ShinySteelRobot
Jun 12, 2013, 01:43 PM
But a Cube would be harder to cool with one fan.

I for one, find that single fan/heatsink design to be quite amazing.

Not saying they should have copied the NeXT Cube exactly. They could have reworked the internals and gotten away with a single large fan. BTW, the Apple "cube" (http://en.wikipedia.org/wiki/Power_Mac_G4_Cube) had no fans at all, and the NeXT Cube had a single large fan in the back, IIRC.

whooleytoo
Jun 12, 2013, 01:45 PM
Cubes are soooo last century. Cylinders are where it's at. I'm actually hoping the Apple HDTV is a sphere (no innovation my ass). ;)

whooleytoo
Jun 12, 2013, 02:03 PM
Lol, right? The new Mac Pro is the hottest piece of hardware I've EVER seen from Apple.. one eighth the volume?! Wow..!! I can't wait to see one. Overboard for my uses, but wow.. really want to play on one at the Apple store.
No matter what your opinion on Apple, or iOS, or the state of the company... this is CLEAR innovation!! And made in the USA?! Hating on this product is asinine. Hope that guy trolls on back home, under his bridge.

I'll bite.

The problem is - different users have different needs/preferences. I still use a G5 at home, so I love the fact that the Mac Pro is so tiny by comparison while being orders of magnitude faster. But for others a tiny workstation is about as useful as a massive laptop - it's just not what some people need.

It's great that Apple are being innovative - and I love that Apple are back doing some really clever engineering again - but if it's not something that some users need, innovation counts for nothing to them. An innovative fork is no use, if you're trying to eat soup.

You could say "these users should go elsewhere, buy a PC". But Apple should be grateful to have users like them - these are people who want to buy Apple products (usually, very high-end Apple products) and will ignore other vendors and wait to see what Apple releases. The problem is now, Apple is effectively saying "it's external expansion, or bust", to many people who have a hefty financial investment in internal expansion hardware.

Buying a new Mac Pro - for some - probably would involve a large financial commitment, not just for the Mac Pro but also replacing/changing their internal drives & cards to expensive Thunderbolt options. That makes the Mac Pro a much more expensive upgrade than a 'traditional' Mac Pro upgrade would be. And upgrade paths are very important to pro users - far, far more important than having a small, pretty case.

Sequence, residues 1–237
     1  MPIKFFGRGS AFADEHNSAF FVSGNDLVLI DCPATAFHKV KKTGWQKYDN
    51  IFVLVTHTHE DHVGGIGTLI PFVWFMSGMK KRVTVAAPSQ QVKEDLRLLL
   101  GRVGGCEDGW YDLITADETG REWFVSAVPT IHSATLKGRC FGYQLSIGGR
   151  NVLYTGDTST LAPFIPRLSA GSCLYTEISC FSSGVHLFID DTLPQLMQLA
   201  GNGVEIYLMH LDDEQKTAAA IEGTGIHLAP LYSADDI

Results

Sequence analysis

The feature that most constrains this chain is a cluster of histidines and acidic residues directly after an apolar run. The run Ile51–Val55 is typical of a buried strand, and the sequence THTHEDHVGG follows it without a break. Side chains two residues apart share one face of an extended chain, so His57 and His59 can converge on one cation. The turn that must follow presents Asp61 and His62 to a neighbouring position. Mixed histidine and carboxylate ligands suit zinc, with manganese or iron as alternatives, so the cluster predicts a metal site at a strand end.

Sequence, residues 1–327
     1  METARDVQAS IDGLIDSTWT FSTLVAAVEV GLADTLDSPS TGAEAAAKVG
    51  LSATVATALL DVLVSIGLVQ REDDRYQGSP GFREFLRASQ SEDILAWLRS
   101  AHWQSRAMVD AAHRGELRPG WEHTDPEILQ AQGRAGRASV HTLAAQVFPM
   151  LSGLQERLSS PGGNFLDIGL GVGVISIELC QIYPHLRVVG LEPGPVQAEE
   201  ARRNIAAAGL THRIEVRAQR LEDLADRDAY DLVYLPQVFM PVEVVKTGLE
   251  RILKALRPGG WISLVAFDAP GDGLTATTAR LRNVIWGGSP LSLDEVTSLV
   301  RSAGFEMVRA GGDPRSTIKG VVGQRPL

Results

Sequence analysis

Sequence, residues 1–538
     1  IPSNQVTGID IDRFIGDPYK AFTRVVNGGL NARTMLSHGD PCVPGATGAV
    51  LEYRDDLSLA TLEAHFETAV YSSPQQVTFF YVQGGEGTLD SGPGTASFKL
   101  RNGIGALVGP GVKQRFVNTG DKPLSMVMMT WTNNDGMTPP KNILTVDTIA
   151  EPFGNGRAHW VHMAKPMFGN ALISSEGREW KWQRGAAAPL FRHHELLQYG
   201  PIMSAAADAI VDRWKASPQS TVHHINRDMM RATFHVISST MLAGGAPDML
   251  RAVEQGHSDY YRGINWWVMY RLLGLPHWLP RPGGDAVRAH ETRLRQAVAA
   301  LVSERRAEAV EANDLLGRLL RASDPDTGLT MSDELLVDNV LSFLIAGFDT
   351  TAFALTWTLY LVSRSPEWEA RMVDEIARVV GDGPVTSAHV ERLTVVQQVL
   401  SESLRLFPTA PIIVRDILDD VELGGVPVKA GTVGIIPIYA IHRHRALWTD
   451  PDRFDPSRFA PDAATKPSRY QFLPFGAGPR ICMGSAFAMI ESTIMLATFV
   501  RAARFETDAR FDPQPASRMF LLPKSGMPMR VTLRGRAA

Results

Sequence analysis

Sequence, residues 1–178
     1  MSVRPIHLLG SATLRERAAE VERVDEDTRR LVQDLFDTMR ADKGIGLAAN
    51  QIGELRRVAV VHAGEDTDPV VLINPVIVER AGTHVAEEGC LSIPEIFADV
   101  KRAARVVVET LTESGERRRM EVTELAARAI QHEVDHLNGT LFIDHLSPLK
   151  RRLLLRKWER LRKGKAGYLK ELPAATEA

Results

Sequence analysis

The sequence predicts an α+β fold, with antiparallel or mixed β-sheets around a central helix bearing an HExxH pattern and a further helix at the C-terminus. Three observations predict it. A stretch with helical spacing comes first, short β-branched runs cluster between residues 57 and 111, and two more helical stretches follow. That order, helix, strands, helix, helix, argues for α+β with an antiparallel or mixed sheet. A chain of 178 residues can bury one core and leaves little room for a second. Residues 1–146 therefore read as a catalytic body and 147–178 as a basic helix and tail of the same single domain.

Personally though, I'd bite your leg off for a new Mac Pro. (No offence! :p )

teejaysplace
Jun 12, 2013, 02:29 PM
Ironically, the internal expandability of the NeXT Cube was much better than the forthcoming 2013 Mac Pro. The Cube had three free internal NuBus slots, IIRC. And at one foot square (well, one foot cubed) it was smaller than today's Mac Pro. There were actually four slots but the motherboard occupied the first one. You could get a NeXTdimension board to upgrade the system to color, and that would occupy a second slot.

I would have loved if the new Mac Pro was a black cube instead of a black cylinder.

A.) Apple has already done a cube, which I'm sure you know. As nostalgic as their userbase often is, they don't retread old designs.

B.) The main purpose of the cylinder is to facilitiate heat dissipation, which allows for the use of only one fan, thus providing a smaller machine with tighter internals. A cube would not have served this purpose, thus rendering the design moot.

----------



An innovative fork is no use, if you're trying to eat soup.



Ha. Touché.

Byrnes3969
Jun 12, 2013, 02:33 PM
Lol, right? The new Mac Pro is the hottest piece of hardware I've EVER seen from Apple.. one eighth the volume?! Wow..!! I can't wait to see one. Overboard for my uses, but wow.. really want to play on one at the Apple store.
No matter what your opinion on Apple,m or iOS, or the state of the company... this is CLEAR innovation!! And made in the USA?! Hating on this product is asinine. Hope that guy trolls on back home, under his bridge.

Oh my God you guys are ridiculous. You don't think the next cube - updated to modern standards - with a square shape that can be stacked?! Or lined up?! Would not have blown the tube away??

You're either working for Apple or just a mind-less fanboy

MacsRgr8
Jun 12, 2013, 02:37 PM